Mesos Promises to Change Data Center Management Equation

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    A few years ago, an open source project called Mesos created simpler cluster management software that eventually became an Apache Foundation project. Relied on extensively by companies such as Airbnb, Netflix and Twitter at true Web scale, Mesos later gave rise to Mesosphere, a provider of a commercially supported version of Mesos known as the Mesosphere Data Center Operating System.

    Now not only is Mesos being ported from Linux to Windows Server 2016 with direct help from Microsoft, organizations such as Verizon are now making use of the Mesosphere Data Center Operating System to automate the deployment of both internal and external cloud services. In addition, instances of the Mesosphere Data Center Operating System are already running on Microsoft Azure and Amazon Web Services (AWS) public clouds.

    Benjamin Hindman, one of the original co-creators of Apache Mesos, and chief architect and co-founder of Mesosphere, says all these efforts collectively set the stage for turning hybrid cloud computing into an everyday IT reality. For the first time, Hindman says, IT organizations will soon see a common abstraction layer across both Linux and Windows. That abstraction layer will make it feasible for a single IT administrator to manage thousands of servers in and out of the cloud. In addition, Hindman noted that “cloudbursting” between private and public clouds will become a lot simpler to implement using a common abstraction layer.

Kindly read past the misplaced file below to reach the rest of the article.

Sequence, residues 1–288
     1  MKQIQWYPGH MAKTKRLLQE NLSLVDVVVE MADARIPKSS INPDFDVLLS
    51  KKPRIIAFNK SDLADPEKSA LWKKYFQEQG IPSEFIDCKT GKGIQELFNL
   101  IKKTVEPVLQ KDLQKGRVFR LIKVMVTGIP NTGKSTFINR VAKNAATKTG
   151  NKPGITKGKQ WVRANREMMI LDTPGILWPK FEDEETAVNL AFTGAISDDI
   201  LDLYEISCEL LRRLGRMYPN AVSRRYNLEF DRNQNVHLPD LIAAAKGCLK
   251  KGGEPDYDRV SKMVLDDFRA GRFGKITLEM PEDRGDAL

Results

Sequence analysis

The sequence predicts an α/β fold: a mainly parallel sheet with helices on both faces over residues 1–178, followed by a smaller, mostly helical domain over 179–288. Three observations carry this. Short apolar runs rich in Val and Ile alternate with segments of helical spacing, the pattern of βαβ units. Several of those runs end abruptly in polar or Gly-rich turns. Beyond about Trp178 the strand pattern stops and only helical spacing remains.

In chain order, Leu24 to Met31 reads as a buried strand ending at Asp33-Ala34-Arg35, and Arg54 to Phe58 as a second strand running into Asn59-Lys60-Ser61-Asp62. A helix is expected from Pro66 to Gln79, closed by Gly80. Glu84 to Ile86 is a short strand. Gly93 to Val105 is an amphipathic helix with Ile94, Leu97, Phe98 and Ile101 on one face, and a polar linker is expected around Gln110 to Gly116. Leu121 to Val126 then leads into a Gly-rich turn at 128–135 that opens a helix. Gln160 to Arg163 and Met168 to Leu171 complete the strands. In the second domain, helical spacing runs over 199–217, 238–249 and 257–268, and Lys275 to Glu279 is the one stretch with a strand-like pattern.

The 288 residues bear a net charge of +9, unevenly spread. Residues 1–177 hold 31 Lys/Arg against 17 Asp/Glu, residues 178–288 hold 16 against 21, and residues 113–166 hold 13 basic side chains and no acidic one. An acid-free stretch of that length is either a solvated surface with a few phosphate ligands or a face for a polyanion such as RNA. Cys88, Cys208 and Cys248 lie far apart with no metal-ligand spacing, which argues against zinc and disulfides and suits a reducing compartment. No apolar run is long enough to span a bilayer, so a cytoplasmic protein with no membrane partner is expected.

Hindman says that to a large degree, Mesos is actually fulfilling the original promise of POSIX, which was supposed to provider a common portable operating system interface for Windows, Linux and Windows systems. Mesos takes that concept a step further by giving IT organizations more granular control of the resources running on a server in a way that can be implemented across multiple operating systems.

    Naturally, it will take a while for the heterogeneous promise of Mesos to be fulfilled. But as IT organizations start to cast about for ways to become more agile in a world full of diverse server platforms, it would now appear that Mesos is going to play a significant role in the management of modern data center environments.

    Mike Vizard
    Mike Vizard
    Michael Vizard is a seasoned IT journalist, with nearly 30 years of experience writing and editing about enterprise IT issues. He is a contributor to publications including Programmableweb, IT Business Edge, CIOinsight and UBM Tech. He formerly was editorial director for Ziff-Davis Enterprise, where he launched the company’s custom content division, and has also served as editor in chief for CRN and InfoWorld. He also has held editorial positions at PC Week, Computerworld and Digital Review.

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